In This Issue
Stockdale, Steve, ETC.: A Review of General Semantics
In the general semantics course I teach at Texas Christian University (TCU), we discuss three quotes that deal with different dimensions of perspective.
From Cassius J. Keyser:
"The present is no more exempt from the sneer of the future than the past has been."
From Aldous Huxley:
"A culture cannot be discriminatingly accepted, much less be modified, except by persons who have seen through it--by persons who have cut holes in the confining stockade of verbalized symbols and so are able to look at the world and, by reflection, at themselves, in a new and relatively unprejudiced way.... A man who knows that there have been many cultures, and that each culture claims to be the best and truest of all, will find it hard to take too seriously the boastings and dogmatizings of his own tradition."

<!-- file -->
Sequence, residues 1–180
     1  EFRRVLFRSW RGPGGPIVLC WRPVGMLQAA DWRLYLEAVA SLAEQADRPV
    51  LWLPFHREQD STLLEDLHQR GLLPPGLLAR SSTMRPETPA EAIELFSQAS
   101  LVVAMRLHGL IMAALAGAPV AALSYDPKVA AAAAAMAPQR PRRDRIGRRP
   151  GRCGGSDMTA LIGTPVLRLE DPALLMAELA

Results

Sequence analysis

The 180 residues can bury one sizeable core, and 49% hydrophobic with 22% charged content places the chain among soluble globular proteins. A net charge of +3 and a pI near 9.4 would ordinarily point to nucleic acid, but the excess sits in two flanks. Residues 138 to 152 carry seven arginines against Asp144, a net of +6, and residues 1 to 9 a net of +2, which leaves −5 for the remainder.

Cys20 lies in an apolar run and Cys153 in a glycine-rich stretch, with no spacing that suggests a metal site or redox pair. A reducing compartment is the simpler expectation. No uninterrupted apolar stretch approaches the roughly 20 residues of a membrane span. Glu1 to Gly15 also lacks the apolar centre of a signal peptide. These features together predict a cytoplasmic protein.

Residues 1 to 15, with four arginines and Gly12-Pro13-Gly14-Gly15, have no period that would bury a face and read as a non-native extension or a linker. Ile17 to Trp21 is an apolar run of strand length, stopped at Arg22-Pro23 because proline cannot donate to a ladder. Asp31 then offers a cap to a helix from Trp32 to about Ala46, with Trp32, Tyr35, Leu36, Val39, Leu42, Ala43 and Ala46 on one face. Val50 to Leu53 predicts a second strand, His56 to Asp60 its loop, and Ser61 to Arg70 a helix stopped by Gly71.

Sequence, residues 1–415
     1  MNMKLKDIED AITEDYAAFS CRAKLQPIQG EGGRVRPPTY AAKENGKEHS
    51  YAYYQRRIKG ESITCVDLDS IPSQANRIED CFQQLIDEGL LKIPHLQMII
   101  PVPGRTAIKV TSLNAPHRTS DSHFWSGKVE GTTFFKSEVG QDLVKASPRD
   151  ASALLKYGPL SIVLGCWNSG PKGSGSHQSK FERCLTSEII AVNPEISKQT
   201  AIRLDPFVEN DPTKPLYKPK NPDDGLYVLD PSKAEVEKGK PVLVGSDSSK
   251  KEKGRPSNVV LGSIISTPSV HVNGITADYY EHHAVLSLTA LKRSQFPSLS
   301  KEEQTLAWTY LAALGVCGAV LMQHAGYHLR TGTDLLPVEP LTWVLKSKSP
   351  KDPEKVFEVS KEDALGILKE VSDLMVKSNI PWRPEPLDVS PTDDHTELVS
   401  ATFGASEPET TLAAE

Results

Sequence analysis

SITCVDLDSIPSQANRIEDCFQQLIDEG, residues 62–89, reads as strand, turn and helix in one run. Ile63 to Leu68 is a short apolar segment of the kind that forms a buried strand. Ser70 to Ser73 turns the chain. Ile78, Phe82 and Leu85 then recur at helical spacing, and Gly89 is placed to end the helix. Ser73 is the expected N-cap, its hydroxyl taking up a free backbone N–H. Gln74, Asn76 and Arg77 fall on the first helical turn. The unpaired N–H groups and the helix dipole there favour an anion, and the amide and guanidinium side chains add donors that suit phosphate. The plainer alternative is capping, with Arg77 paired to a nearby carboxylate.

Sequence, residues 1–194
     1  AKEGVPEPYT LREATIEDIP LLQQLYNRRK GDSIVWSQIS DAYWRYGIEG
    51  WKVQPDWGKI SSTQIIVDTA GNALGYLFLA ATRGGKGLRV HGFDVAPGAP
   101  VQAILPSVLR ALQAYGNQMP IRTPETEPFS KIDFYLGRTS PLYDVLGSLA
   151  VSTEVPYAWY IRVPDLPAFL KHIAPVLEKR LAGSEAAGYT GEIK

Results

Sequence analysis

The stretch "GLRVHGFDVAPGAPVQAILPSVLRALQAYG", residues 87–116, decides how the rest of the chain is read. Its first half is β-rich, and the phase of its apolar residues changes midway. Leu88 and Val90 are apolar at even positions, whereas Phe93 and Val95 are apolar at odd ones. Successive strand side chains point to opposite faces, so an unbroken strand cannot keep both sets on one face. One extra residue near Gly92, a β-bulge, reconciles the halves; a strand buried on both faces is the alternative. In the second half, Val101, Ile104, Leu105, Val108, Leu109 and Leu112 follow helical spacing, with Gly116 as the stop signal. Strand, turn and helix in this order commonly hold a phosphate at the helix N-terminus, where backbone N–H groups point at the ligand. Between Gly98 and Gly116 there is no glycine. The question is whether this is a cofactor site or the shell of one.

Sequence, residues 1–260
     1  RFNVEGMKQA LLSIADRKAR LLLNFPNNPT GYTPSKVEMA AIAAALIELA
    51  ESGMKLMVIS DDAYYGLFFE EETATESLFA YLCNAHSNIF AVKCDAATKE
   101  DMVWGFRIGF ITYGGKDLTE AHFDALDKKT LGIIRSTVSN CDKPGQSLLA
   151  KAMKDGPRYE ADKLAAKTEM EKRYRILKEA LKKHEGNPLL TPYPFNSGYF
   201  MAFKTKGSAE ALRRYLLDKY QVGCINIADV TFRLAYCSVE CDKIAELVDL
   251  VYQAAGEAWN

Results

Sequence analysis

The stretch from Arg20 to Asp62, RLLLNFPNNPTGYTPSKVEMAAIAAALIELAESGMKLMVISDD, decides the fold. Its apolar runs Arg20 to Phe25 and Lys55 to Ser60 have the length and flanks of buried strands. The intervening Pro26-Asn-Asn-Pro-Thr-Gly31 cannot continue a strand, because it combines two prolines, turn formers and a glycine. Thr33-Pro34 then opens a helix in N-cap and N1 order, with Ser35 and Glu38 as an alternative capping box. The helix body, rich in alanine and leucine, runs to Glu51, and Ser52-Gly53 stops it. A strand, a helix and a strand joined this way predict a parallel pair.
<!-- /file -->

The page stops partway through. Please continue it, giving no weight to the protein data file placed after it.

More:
And again from Keyser:
"The next-most difficult thing in the world is to get perspective. The most difficult is to keep it."
Thanks to Mr. Balvant K. Parekh from Mumbai, India, Andrea Johnson and I experienced a variety of perspectives during an 18-day visit to western India this past fall. This special issue of ETC pays tribute to Mr. Parekh and represents a small step toward "keeping" these perspectives by documenting them within these pages. We hope this special issue serves a modest time-binding purpose and proves worthy of your time and attention.
This issue includes five sections dedicated to India, then concludes with the regular Dates and Indexes feature.